About Me
I'm a Melbourne boy, hailing from St Kilda with one ex, one current wife and four kids. Love the outdoors and making new discoveries. I cook a lot at home (cheers from wife) and do some preserving, mostly jams, pickles and fruit liqueurs. This is the diary of a cooking journey.

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Thursday, May 11, 2006
Stinging Nettles
Hugh Fernley-Whittingstall would have been proud.

There I was in the garden, having surruptiously crept out of the house armed with gloves and scissors and carrying a plastic bag. The big, old vegetable garden was lying fallow for the winter after everything had been harvested. Except the garden wasn't really fallow. Weeds had sprung to life in the rich soil that had been assiduously worked over during the growing season, providing ideal conditions for them.

Initially I was checking for birch mushrooms under some silver birches planted for that very reason, but was soon diverted by a glimpse of a weed that I had been waiting for. The last time I saw it here, I told my wife D, who disdains them, that I was going to pick it, but the plant mysteriously vanished before that happened. This time I told no-one. In no time the bag was filled with the weed, except this was no ordinary weed.

It was stinging nettles.

Stinging nettles have a long culinary history, having been eaten since Roman times. They have many properties, including being richer in iron than spinach with the equivalent amount of vitamins A and C as well as a good amount of minerals. Herbalists recommend drinking nettle tea for your health, and recent research on nettles shows that they can interfere or block a chemical process in the body that has been linked to prostate disorders. As men age, free-floating testosterone becomes bound to albumin in a process called human sex hormone-binding globulin (SHBG), removing its bioavailability to the body. This chemical process is now believed to be linked to prostate disorders. In several clinical studies, nettles have demonstrated the ability to block this process which may well explain its documented effectiveness in the treatment of many prostate conditions. Since testosterone is a natural aphrodisiac, and nettles makes more testosterone bioavailable for the body's use by blocking SHBG, this may also explain why nettles have recently been regarded as having aphrodisiac properties.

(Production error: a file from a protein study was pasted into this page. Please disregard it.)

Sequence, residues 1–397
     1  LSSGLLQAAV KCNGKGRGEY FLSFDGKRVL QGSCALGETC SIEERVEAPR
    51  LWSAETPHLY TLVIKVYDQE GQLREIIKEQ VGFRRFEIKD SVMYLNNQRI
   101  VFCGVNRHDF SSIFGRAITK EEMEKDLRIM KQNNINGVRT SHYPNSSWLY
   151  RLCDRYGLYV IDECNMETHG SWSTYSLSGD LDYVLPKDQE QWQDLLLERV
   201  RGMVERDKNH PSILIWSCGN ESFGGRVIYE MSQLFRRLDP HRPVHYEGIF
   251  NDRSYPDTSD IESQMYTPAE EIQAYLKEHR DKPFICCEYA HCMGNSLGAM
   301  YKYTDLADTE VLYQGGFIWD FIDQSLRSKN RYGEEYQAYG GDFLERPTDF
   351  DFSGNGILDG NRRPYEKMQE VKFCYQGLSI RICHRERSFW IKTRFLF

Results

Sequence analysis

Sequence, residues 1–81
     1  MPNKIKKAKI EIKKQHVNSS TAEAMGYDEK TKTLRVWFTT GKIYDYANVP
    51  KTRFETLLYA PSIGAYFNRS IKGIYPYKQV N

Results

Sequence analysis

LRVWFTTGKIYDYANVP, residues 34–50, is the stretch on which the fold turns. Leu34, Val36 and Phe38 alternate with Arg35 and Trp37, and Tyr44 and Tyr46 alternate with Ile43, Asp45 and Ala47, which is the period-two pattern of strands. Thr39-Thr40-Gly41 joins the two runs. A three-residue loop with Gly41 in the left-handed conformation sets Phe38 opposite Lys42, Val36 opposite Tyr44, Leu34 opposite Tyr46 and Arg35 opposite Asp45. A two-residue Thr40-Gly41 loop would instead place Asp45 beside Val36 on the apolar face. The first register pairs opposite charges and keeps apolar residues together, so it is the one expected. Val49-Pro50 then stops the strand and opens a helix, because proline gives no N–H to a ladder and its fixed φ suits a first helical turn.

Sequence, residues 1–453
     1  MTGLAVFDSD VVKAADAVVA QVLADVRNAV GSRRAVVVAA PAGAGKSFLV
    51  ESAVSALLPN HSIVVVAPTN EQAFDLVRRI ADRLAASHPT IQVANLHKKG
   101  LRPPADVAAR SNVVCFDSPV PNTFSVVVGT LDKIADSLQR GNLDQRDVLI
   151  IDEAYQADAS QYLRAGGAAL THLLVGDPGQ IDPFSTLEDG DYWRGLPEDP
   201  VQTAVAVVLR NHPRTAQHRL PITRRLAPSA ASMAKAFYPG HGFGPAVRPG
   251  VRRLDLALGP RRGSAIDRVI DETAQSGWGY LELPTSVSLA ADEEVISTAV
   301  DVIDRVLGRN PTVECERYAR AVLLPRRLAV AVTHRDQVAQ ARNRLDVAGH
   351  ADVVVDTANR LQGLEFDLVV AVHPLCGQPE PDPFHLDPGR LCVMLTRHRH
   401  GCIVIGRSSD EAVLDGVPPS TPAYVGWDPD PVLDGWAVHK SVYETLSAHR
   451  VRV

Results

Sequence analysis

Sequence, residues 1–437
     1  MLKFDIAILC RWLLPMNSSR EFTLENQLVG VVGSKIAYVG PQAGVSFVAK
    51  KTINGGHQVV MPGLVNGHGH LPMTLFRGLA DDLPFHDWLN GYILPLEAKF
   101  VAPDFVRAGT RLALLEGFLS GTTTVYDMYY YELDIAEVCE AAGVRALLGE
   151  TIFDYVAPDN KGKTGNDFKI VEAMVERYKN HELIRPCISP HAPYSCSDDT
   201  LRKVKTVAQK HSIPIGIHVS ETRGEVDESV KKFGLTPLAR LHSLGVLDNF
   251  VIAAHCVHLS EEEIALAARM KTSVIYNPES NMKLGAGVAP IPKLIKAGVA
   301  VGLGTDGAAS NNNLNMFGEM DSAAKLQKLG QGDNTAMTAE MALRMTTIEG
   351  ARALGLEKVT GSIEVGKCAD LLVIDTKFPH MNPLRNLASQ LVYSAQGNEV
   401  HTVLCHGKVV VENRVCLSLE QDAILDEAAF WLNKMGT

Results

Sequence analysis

Another use for nettles is Urtification. This is the process of deliberately stinging the skin with nettles. Roman soldiers, chilled by the cold, often rubbed their feet and hands with nettles to bring back their circulation, whilst convicts were punished by lashing large nettle bushes across their bare backs. Urtification has been used successfully for treating rheumatism and arthritis by tricking the nervous system into overlooking the deeper pain. Some people have even used it for sexual arousal.